The "Prof. Hildebert Wagner Award" was created to honor the outstanding efforts of Prof. Wagner for the journal Phytomedicine. This award will be granted to a graduate student or young post-doctoral researcher who is the first author of a paper reviewed by the Editors of Phytomedicine to be the best one in the Journal during the previous calendar year. The prize will be sponsored by Elsevier with EUR 500 for the awardee and a certificate for every Co-Author. Additionally an official notice will be published on the journal homepage of Phytomedicine (http://www.elsevier.com/locate/phymed), on which the article will be available free of charge for one year. The reviewing editors for the first contribution to be awarded in Phytomedicine will be Prof. Hildebert Wagner himself, Prof. Alexander Panossian, and Prof. Susana Zacchino. To qualify, nominees must be younger than 35 years and an outstanding contribution to the field must be provided. Nominations can be made by first authors (resp. corresponding authors).
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Anti-stress effects of 20(S)-protopanaxadiol and 20(S)-protopanaxatriol in immobilized mice
Hyun A Oha, Dae-Eung Kimb, Hyuck Jai Choic, Nam Jae Kimc, and Dong-Hyun Kimac,*
a Department of Life and Nanopharmaceutical Sciences, College of Pharmacy, Kyung Hee University, 26, Kyungheedae-ro, Dongdaemun-ku, Seoul 130-701, Republic of Korea
b Sempio Foods Company, 183, Osongsaengmyung-4ro, Cheongwongun, Chungcheongbukdo 363-954, Republic of Korea
c East-West Medical Research Institute, Kyung Hee University Medical Center, 23, Kyungheedae-ro, Dongdaemun-ku, Seoul 130-872, Republic of Korea
* Corresponding author
Dong-Hyun Kim, Department of Life and Nanopharmaceutical Sciences, College of Pharmacy, Kyung Hee University, 26, Kyungheedae-ro, Dongdaemun-ku, Seoul 130-701, Republic of Korea
Tel.: +82 2 961 0374; fax: +82 2 957 5030.
E-mail address: firstname.lastname@example.org (D.H. Kim).
**The phone, fax and email address of the corresponding author should be placed on the title page.
A concise and factual abstract is required. Abstracts should summarize the contents of the article in 350 words or less. The abstract should be structured in the following format:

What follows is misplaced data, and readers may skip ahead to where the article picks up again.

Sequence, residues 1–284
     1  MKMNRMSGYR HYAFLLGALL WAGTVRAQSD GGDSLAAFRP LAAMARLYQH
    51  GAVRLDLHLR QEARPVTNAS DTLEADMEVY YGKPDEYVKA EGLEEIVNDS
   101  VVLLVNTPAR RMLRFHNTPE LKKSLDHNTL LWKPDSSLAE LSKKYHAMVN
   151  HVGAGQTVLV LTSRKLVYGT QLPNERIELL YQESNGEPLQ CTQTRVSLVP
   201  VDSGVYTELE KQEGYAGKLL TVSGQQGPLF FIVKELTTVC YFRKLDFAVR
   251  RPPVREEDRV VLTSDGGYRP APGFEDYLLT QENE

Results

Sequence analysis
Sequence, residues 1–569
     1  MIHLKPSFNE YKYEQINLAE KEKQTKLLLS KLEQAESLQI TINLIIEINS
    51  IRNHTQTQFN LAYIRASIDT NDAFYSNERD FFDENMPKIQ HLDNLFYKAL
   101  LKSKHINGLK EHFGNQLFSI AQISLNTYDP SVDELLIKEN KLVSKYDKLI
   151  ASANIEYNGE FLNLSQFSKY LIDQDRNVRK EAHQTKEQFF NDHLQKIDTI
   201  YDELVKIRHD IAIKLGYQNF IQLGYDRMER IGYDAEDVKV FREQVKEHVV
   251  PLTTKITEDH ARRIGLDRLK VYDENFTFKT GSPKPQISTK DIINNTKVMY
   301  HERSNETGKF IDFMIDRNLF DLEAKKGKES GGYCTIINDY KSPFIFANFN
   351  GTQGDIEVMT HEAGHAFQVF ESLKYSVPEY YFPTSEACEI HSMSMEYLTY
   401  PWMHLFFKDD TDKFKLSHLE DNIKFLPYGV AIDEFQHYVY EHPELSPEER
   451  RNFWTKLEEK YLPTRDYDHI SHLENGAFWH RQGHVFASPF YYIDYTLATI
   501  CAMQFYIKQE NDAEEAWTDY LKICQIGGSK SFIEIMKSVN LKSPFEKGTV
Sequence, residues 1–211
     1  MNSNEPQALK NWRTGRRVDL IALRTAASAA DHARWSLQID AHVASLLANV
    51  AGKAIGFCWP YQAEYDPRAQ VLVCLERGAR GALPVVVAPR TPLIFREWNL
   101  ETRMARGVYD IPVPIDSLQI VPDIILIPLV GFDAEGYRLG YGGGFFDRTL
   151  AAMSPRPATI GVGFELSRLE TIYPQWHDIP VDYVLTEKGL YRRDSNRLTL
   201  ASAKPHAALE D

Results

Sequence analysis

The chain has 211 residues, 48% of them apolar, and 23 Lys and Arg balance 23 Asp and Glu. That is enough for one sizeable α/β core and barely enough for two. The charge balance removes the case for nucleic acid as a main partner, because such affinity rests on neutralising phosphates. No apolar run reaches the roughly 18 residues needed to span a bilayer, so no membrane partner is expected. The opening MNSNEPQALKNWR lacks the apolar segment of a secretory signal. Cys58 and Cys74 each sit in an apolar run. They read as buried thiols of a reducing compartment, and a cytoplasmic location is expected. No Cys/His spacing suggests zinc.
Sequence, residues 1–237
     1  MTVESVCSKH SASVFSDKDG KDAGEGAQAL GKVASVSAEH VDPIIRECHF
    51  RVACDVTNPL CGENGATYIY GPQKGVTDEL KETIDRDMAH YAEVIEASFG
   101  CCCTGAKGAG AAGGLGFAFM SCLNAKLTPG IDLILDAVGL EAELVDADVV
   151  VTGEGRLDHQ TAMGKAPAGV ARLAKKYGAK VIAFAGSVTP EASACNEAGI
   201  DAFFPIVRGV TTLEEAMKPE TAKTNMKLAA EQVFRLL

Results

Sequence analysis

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Conclusion: State the answer to your original question or hypothesis.Summarize the most important conclusions that can be directly drawn from your study.
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A section of abbreviations should precede the manuscript. Define abbreviations that are not standard in this field in a footnote to be placed on the first page of the article. Abbreviations that are unavoidable in the abstract must be defined at their first mention there, as well as in the footnote. Ensure consistency of abbreviations throughout the article.
See "Uniform requirements for manuscripts submitted to biomedical journals" (1991) New England Journal of Medicine 324:424–428. Introduction
Provide an adequate background, avoiding a detailed literature survey or a summary of the results. State the objectives of the work. No results of the study should be described in this section.
- Plant names and parts used (requirements see above)
- Study medication, herbal extracts (requirements see above)
- Chemical compounds (requirements see above)
- Statistical analysis (requirements see above)
- Assays (requirements see above)
- Animal studies (requirements see above)
- Study design (requirements see above)
This should explore the significance of the results of the work, not repeat them. A combined Results and Discussion section is often appropriate. Avoid extensive citations and discussion of published literature. Acknowledgements
Collate acknowledgements in a separate section at the end of the article before the references and do not, therefore, include them on the title page, as a footnote to the title or otherwise. List here those individuals who provided help during the research (e.g., providing language help, writing assistance or proof reading the article, etc.).